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The Social Cost of Carbon

Richard Tol ()

No WP377, Papers from Economic and Social Research Institute (ESRI)

Abstract: This paper surveys the literature on the economic impact of climate change. Different methods have been used to estimate the impact of climate change on human welfare. Studies agree that there are positive and negative impacts. In the short term, positive impacts may dominate, but these are largely sunk. In the longer term, there are net negative impacts. Poorer people tend to be more vulnerable to climate change. There is a trade-off between development policy and climate policy. Estimated aggregate impacts are not very large, but they are uncertain and incomplete. Estimates of the marginal impacts suggest that greenhouse gas emissions should be taxed, and that the emission reduction targets announced by politicians are probably too ambitious.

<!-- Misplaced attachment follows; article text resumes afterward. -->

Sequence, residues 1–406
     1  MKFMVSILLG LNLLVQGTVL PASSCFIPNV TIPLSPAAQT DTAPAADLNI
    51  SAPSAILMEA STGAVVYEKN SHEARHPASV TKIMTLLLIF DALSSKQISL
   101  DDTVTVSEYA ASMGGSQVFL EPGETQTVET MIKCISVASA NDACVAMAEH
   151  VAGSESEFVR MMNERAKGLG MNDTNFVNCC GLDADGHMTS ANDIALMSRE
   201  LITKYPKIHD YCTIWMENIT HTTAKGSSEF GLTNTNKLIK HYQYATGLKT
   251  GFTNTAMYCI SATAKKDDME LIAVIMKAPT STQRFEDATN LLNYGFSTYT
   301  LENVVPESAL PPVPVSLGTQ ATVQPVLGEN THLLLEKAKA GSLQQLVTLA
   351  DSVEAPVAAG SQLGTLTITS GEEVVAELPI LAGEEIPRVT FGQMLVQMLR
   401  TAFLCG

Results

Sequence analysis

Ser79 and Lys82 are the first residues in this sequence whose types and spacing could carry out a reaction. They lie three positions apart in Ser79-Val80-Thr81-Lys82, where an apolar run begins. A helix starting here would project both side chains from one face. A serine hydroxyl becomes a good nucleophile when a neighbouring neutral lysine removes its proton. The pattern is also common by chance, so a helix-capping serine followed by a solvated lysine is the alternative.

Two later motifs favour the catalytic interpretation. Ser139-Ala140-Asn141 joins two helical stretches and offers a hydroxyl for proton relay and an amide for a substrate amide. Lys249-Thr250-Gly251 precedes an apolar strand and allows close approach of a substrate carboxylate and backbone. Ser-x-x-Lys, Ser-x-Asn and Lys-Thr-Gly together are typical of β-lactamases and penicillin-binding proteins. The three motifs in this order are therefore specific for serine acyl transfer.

Keywords: Climate; change/Climate; policy/cost/emission; reduction; target/impacts/Policy/Social; cost; of; carbon (search for similar items in EconPapers)
New Economics Papers: this item is included in nep-ene and nep-env
Date: 2011-02
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Journal Article: The Social Cost of Carbon (2011) Downloads
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